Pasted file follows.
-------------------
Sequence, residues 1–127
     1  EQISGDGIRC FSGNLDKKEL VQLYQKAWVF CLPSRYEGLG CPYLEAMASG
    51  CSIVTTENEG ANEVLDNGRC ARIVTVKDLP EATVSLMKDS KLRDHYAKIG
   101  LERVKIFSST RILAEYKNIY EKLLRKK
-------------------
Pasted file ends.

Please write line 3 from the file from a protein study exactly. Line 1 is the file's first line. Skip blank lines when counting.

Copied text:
    51  CSIVTTENEG ANEVLDNGRC ARIVTVKDLP EATVSLMKDS KLRDHYAKIG